Plaintiff filed a complaint for defamation and invasion of privacy in the Worcester Superior Court on January 21, 2000. Plaintiff states that she "was not the subject of, nor did she participate in "an award winning five year project on teen sexuality by photojournalist Dan Habib," and that she "never authorized the use of her photograph in conjunction with that project." Amended Complaint, ¶ 16. The complaint further alleges that (1) she was defamed by defendant because (a) the juxtaposition of her photograph and the article "insinuated that [she] was a person engaged in the activity described in the article," and (b) the language of the caption falsely insinuated that plaintiff was part of "an award winning five-year project on teen sexuality;" and (2) that the publication of her photograph in conjunction with the article amounted to an invasion of her privacy and portrayed her in a false light in violation of Mass. Gen. Laws ch. 214 § 1B. Id. at ¶¶ 8-9, 14-17. Plaintiff claims to have suffered damages in the form of harm to her reputation and sense of personal dignity, humiliation, and emotional pain and mental anguish. Id. at ¶ 19.

Plaintiff's action was removed to the District Court on diversity grounds on April 13, 2004. On June 6, 2004, defendant filed the pending motion to dismiss plaintiff's claims pursuant to Fed.R.Civ.P. 12(b)(6) for failure to state a claim upon which relief can be granted.

Analysis

I. Standard of Review

A court may not dismiss a complaint for failure to state a claim under Fed.R.Civ.P. 12(b)(6) "unless it appears, beyond doubt, that the [p]laintiff can prove no set of facts in support of his claim which would entitle him to relief." Judge v. City of Lowell, 160 F.3d 67, 72 (1st Cir. 1998) (quoting Conley v. Gibson, 355 U.S. 41, 45-46 (1957)). In considering the merits of a motion to dismiss, the court may look only to the facts alleged in the pleadings, documents attached as exhibits or incorporated by reference in the complaint, and matters of which judicial notice can be taken. Nollet v. Justices of the Trial Court of Mass., 83 F. Supp. 2d 204, 208 (D. Mass. 2000) aff'd, 248 F.3d 1127 (1st Cir. 2000). Furthermore, the court must accept all factual allegations in the complaint as true and draw all reasonable inferences in the plaintiff's favor. Langadinos v. American Airlines, Inc., 199 F.3d 68, 69 (1st Cir. 2000).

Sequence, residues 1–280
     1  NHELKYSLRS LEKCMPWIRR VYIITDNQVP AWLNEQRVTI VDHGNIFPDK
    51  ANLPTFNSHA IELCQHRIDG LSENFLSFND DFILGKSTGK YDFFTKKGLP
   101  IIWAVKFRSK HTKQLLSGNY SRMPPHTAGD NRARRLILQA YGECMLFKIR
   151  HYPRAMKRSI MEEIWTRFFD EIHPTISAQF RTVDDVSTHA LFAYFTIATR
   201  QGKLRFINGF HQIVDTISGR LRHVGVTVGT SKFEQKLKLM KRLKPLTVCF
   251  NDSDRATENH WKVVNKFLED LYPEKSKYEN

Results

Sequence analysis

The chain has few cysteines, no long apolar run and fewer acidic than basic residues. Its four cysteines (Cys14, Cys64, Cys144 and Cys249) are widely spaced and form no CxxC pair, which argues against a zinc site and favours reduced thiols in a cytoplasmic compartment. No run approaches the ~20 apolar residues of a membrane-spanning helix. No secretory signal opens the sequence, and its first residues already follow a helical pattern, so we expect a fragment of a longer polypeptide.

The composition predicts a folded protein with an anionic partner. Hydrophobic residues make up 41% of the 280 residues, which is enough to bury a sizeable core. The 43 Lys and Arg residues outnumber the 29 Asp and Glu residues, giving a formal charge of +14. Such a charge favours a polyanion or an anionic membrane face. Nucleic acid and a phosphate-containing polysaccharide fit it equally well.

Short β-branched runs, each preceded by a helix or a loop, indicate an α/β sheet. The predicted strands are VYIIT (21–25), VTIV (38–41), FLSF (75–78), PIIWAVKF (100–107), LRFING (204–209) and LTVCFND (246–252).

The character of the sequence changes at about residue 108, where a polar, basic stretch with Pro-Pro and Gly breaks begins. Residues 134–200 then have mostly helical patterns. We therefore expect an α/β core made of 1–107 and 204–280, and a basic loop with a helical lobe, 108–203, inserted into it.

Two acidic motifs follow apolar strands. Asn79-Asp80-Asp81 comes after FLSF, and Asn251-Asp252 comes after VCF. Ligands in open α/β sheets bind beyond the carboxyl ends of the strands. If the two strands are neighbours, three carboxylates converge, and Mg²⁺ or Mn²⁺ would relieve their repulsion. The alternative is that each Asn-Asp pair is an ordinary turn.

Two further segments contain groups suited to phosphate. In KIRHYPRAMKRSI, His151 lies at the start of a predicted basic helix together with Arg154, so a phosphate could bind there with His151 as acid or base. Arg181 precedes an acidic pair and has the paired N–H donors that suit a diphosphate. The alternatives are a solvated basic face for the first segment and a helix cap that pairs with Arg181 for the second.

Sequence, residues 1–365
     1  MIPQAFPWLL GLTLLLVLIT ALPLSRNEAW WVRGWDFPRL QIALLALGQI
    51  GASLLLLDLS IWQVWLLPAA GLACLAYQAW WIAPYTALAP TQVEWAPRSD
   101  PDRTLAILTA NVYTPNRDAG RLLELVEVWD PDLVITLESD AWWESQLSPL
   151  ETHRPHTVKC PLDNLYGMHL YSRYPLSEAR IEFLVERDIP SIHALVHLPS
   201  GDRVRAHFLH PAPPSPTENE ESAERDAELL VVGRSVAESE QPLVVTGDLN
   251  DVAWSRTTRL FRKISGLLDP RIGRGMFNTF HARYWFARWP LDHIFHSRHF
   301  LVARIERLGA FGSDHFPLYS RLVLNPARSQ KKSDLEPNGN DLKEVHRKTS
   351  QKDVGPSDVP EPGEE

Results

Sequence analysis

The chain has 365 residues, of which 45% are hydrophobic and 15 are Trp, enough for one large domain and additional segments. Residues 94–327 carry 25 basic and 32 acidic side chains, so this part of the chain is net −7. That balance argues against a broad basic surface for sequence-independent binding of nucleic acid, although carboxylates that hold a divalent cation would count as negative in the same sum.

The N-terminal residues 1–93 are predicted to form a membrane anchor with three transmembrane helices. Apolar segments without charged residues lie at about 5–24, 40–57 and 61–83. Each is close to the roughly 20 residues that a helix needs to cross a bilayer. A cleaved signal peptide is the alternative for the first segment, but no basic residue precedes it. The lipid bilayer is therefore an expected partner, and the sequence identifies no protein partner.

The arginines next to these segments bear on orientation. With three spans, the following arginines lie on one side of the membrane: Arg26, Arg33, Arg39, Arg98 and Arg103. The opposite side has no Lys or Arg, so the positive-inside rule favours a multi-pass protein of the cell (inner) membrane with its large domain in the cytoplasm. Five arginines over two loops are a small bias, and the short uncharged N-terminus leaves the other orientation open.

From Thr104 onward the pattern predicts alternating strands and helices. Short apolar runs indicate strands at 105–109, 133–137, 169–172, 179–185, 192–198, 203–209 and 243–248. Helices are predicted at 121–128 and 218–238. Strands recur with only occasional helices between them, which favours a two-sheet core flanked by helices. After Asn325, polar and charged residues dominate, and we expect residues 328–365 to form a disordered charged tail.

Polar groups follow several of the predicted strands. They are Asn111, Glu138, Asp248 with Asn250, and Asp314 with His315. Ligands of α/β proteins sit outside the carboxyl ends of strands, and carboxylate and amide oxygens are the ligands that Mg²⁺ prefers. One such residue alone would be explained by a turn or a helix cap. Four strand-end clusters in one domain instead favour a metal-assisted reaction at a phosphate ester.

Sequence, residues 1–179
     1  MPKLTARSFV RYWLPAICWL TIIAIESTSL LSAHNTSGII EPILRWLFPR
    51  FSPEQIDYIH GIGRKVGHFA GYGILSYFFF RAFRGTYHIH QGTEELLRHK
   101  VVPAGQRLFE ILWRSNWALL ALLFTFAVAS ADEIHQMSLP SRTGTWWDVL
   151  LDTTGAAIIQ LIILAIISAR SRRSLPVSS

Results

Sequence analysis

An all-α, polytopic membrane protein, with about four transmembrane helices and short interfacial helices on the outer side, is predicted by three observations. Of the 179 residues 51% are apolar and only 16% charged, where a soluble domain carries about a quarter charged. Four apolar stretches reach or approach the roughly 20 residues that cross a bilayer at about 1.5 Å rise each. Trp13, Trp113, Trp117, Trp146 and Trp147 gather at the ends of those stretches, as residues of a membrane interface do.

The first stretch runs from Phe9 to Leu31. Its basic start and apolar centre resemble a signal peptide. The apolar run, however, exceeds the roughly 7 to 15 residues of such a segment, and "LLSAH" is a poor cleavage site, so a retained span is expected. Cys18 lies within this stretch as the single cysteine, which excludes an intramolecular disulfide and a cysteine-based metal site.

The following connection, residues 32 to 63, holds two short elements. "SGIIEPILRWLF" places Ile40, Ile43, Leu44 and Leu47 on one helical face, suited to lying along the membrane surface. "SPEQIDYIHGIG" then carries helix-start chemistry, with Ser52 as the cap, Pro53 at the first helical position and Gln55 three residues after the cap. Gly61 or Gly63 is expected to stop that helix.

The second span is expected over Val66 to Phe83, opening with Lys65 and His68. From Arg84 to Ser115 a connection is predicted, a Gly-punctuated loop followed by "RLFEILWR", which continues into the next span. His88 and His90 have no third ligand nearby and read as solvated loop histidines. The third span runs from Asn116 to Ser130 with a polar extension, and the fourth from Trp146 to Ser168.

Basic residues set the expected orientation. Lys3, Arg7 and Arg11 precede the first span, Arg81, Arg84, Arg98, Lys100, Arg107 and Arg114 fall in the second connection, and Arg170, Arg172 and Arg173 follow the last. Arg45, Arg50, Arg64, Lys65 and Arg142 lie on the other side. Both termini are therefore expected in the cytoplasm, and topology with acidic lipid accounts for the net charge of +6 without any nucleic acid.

II. The Defamation Claims

In order to maintain an action for defamation under Massachusetts law, a non-public figure such as the plaintiff must allege facts to show that (1) the defendant made a statement "of and concerning" the plaintiff to a third party; (2) the statement was defamatory, meaning it could damage the plaintiff's reputation in the community; (3) defendant was at fault in making the statement; and (4) the statement either caused the plaintiff economic loss, or is actionable without proof of economic loss. See Ravnikar v. Bogojavlensky, 438 Mass. 627, 629-630 (2003); see also Yohe v. Nugent, 321 F.3d 35, 40 (1st Cir. 2003).

In most cases, the statement must be false. Ravnikar v. Bogojavlensky, 438 Mass. 627, 629 n. 3 (2003). Although Massachusetts, by statute, permits recovery for a truthful defamatory statement that was both published in writing (or equivalent) and made with actual malice, the scope of that statute is limited by the provisions of the First Amendment. Id.; see Mass. Gen. Laws ch. 231, § 92. Plaintiff here alleges that the statements at issue were false, and therefore the statute is not implicated.